The great shoe hunt

The phone is ringing, argh, I hate being disturbed from my sleep. When I get to it, it is Perry “what time is it?” I said, he says he is in our area and now he is embarrassed at waking me up. I check my watch and it is midday. Well it would have been around three when we got to bed and we are supposed to be on holiday.

When Viv is roused and I start breakfast, I try to call Perry, and I cannot get through. I try again with no luck so I send him a text. When he rings me back, he says he is at Gascon and Guardia Vieja and would we like to join him, I say that I am already cooking breakfast now, so we agree to put off our meeting.

By now we are both dressed, it is an awful rainy day, the porridge can wait so we head off down to Gascon. Perry is surprised to see us but we greet and he moves to a bigger table so that we can join him.

So I am going to try to be clever, without seeing the menu I try “tienes huevos”……. “revuletos”. There was a look of shock on the waitress’ face, but she said “huevos revueltos? si”. When she had gone Perry told me, saying “tienes huevos” is like saying “do you have balls” We had a laugh about it and now I have a bit more porteno to remember

We enjoyed a leisurely breakfast and finally left him on Guardia Vieja to go and do more business. We came back to the flat and then set out ourselves to complete some unfinished business of our own.

When we got to Tango 8 in Abasto the girl said “tiene zapatos en San Telmo, cerrado a las cinco” I don’t know if she understood when Viv said we are on our way, or not.

We change subte trains at Diagonal Norte, it is always a crush, and getting across the platform of the D line always difficult. Still, we found a good place to wait for the next train, not too many people, they were all at the other end. The train pulled in, only halfway along the platform, suddenly everyone was rushing us, but the doors did not open. The train moved forward, but now it missed our end of the platform and when the doors opened there was a surge now the other way. In the ensuing madness one woman got dragged bodily off her feet and landed horizontally on the floor of the train. Of course now everyone was in the one carriage and it was just like a rush hour crush.

I managed to find the right exit from the tunnels and even set off in the right direction, unfortunately as Defensa runs in the same direction as the subte we were out by one stop, still it was not too bad.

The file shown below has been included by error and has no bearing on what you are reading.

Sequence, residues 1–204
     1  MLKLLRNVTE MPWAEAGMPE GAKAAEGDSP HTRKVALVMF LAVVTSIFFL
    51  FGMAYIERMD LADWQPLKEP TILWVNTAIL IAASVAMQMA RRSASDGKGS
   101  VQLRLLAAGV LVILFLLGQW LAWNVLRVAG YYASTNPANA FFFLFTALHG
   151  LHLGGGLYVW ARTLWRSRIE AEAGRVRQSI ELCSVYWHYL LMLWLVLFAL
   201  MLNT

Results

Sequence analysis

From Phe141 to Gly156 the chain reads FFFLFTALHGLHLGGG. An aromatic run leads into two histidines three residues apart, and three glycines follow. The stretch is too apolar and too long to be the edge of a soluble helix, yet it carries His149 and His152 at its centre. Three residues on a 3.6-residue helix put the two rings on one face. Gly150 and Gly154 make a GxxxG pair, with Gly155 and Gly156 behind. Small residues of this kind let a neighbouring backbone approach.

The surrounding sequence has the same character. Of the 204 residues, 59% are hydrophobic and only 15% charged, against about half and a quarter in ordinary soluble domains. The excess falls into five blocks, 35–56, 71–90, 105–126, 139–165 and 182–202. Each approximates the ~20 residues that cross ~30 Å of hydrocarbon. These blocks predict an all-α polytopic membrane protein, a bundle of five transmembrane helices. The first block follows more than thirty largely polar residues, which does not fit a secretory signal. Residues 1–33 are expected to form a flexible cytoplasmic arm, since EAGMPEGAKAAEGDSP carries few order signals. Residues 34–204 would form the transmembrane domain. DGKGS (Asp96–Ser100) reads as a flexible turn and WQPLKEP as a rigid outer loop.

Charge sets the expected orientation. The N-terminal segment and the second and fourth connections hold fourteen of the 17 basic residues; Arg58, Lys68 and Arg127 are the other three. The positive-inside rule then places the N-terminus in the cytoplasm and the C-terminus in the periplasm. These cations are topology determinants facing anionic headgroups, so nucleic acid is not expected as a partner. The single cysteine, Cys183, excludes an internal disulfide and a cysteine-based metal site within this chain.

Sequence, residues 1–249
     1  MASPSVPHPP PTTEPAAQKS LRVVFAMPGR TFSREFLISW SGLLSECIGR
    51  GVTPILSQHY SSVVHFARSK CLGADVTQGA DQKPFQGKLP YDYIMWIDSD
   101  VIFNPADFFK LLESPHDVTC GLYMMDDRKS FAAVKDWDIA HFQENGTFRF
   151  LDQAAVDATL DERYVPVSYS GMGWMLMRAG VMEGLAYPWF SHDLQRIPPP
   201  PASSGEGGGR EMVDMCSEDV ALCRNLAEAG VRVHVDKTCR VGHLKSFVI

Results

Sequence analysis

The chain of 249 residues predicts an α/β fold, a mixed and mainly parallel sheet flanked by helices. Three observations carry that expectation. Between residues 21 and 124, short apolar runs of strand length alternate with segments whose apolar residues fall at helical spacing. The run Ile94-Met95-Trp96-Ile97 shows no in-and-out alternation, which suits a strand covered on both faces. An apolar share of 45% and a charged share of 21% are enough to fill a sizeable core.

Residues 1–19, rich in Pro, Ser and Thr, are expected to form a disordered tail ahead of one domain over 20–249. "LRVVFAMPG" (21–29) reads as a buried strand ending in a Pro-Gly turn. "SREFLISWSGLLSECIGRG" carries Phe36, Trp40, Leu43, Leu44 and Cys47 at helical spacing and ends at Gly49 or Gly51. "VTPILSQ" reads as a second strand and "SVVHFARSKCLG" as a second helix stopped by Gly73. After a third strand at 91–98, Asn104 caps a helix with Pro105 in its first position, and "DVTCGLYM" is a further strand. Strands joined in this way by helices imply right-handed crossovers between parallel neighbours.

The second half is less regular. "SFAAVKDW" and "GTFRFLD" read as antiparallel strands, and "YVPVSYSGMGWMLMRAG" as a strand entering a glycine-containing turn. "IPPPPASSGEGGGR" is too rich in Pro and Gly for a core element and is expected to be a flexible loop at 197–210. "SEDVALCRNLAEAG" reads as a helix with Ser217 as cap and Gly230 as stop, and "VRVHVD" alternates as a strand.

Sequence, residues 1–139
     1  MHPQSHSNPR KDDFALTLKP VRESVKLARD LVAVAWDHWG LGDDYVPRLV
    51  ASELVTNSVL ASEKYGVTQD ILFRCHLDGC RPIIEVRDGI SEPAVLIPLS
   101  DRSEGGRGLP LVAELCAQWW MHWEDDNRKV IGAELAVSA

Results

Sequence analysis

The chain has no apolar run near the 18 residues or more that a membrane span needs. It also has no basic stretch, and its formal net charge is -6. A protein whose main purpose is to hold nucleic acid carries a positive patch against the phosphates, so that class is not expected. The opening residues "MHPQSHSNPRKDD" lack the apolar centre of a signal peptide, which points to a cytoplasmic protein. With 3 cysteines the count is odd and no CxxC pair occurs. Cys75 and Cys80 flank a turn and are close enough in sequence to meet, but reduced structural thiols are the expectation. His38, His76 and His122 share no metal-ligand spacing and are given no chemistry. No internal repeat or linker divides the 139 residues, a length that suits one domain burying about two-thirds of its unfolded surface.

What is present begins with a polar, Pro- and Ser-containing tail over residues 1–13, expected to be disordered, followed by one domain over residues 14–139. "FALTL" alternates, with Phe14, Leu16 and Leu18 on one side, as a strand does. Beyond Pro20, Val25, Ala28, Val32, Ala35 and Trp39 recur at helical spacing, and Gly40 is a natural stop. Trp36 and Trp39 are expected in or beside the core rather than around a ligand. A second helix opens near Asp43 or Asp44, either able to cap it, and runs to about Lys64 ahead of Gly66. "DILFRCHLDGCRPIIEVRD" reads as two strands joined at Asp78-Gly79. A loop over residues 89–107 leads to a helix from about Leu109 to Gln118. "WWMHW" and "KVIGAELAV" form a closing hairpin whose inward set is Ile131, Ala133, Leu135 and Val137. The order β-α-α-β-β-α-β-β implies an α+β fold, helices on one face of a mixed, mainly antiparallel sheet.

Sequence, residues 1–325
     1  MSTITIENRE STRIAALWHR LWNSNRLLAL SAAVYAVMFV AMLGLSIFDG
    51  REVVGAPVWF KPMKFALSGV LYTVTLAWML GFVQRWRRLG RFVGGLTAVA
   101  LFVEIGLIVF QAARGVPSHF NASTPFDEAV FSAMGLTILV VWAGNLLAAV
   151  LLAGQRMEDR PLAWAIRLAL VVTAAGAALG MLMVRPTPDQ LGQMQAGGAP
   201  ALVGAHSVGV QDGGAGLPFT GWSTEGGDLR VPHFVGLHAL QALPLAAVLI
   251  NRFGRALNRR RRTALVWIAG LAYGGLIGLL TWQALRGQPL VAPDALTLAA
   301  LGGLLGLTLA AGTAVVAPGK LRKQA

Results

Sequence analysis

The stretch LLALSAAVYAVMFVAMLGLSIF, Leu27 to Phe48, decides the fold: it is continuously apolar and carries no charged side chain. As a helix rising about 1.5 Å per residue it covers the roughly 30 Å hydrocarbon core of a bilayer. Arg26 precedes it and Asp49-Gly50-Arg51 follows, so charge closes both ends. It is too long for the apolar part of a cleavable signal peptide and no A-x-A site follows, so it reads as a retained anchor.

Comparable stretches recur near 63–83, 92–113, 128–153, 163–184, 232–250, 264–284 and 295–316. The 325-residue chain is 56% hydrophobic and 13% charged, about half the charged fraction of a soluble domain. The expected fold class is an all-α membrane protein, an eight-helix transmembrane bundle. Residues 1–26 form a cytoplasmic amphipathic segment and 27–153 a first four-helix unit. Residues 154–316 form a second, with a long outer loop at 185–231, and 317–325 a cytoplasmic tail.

We had a flyer with the address on of Tango 8 and so we sought out 1174 Defensa, unfortunately we could find no such address. At 1170 was a small arcade, we wandered around unable to see any sign of Tango shops. I asked inside one of the units and the lady in there had no idea. So we set off again to no avail, on the other side of the road is another arcade and here we finally found our shop, we later saw on newer flyers the address of 1179 Defensa.

Viv not only got the shoes we were seeking but also another pair, and with the possibility of others to come, we left happy with our shoe boxes in a paper carrier bag.

This arcade was in an old San Telmo house and I wanted to see it all. It was the old Conventillo type of house lots of homes around a central courtyard where all the cooking and washing was done. With a little imagination it was still possible to see how this had functioned.

Still the rain fell, the poetic Argentines would say “Buenos Aires llorar por Nestor Kirchner” but the tears would do the shoes or shoe boxes no good at all. Returning to Tango 8 the girl gave us some plastic bags to wrap our prizes in,  hopefully it would protect them.

We stopped for a coffee and medialuna, against my better judgement in Plaza Dorrego, but whether, because they were short of customers with the bad weather or not, they did not try to rip us off, in this tourist trap. We sat watching the rain and Amy Winehouse videos for a while hoping for the rain to stop. It never did, but we managed to keep the shoes dry until we got home.